Discipline: Technology and Engineering
Subcategory: STEM Research
Nian Zhang - University of the District of Columbia
The goal of this project is to analyze the noise-free but highly overlapped and imbalanced data set involving trace explosives. The objective is to develop algorithms to discover the underlying mechanism that affect the clustering performance on different combination of principal components and different number of features. In this project, we explored the principle components in the feature space to observe which spectral bands contribute the most contrast or data spreading. We also compared the principal component analysis (PCA) results and the corresponding k-means clustering algorithm results generated using lower PCs, i.e. PC4 and PC5 to see how it compares to using a combination of top PCs, i.e. PC1 and PC2. Specifically, we reveal the data in PC1-PC2 space, PC1-PC3 space, PC2-PC3 space, and PC4-PC5 space, respectively. Then we used the K-mean clustering algorithm to classify them into six classes including TNT, DNT, PE, PC, RDX, and Copper/Steel. We developed an algorithm to automatically determine the classifiers associated with each clustering. The algorithm can accurately determine which clustering corresponds to which analyte. To enhance the visualization efficiency, the same color code is used in the k-means algorithm as the PCA, for example, red represents TNT, green represents DNT, yellow represents PE, cyan represents PC, blue represents RDX, and black represents copper/steel. In this way, we can effectively compare the PCA and the k-means clustering results. We also conducted the clustering performance evaluation by calculating the probability of detection (POD), false alarm rate (FAR), accuracy, precision, and recall. This process was facilitated by developing an automatic algorithm to determine the true positive (TP), false negative (FN), false positive (FP), and true negative (TN), which are components of the above performance evaluation matrices. In addition, we compared the clustering abilities with different combination of principal components. Moreover, we investigated the false alarms to see if they are always the same samples, and if so, which ones. Furthermore, we investigated the effect of the first 28 features on the PCA and k-means algorithm with different combination of principal components. The experimental results demonstrated that top principal components (PCs) have higher clustering accuracy than the lower PCs.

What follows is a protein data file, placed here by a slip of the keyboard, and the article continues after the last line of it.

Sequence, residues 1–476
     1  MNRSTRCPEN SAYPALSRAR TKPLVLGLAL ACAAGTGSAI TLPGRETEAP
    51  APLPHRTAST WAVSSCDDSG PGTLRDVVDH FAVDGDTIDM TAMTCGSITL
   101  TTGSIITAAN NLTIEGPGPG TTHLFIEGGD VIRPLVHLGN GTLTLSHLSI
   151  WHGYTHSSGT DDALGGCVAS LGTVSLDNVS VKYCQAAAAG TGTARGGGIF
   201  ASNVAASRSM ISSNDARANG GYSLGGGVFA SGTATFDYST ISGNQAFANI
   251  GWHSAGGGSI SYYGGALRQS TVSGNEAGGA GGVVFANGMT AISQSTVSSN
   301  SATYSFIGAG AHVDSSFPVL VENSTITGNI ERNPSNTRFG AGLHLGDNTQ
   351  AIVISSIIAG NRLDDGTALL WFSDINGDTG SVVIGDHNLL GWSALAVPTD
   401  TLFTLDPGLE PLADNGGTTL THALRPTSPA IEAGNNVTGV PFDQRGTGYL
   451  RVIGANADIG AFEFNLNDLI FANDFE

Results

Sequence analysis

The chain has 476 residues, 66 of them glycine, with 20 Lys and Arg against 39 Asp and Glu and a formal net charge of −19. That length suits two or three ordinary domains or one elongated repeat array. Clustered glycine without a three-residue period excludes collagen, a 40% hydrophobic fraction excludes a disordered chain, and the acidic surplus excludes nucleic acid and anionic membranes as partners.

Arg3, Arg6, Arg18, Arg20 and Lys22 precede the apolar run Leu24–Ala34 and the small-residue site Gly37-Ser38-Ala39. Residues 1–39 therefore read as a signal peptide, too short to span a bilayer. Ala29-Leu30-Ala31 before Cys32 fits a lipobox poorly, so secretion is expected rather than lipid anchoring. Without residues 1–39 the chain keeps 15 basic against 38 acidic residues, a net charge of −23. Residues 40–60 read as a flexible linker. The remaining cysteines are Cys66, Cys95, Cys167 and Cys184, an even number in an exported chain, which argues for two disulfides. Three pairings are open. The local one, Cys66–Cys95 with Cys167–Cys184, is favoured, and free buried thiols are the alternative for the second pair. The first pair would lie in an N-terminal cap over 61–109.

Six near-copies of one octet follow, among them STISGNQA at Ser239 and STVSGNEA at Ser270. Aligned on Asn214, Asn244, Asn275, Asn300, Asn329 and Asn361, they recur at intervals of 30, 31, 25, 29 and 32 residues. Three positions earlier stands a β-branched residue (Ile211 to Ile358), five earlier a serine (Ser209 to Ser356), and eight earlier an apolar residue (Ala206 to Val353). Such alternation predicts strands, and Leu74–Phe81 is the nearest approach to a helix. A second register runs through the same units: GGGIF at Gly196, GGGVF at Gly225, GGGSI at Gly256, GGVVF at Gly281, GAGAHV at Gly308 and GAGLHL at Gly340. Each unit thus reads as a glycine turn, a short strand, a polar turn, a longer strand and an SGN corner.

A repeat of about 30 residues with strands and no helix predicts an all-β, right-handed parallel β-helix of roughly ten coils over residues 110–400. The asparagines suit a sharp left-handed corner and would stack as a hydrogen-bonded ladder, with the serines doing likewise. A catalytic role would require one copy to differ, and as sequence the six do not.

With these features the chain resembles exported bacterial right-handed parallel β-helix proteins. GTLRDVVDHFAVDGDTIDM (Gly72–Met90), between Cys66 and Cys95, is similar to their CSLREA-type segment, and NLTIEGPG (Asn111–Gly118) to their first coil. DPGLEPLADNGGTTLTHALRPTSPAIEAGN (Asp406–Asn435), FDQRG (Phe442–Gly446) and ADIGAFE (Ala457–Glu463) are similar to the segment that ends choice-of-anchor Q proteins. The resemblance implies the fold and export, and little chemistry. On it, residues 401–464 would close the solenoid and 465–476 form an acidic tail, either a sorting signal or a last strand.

Funder Acknowledgement(s): This work was supported in part by the National Science Foundation (NSF) under Grant HRD #1505509.
Faculty Advisor: None Listed,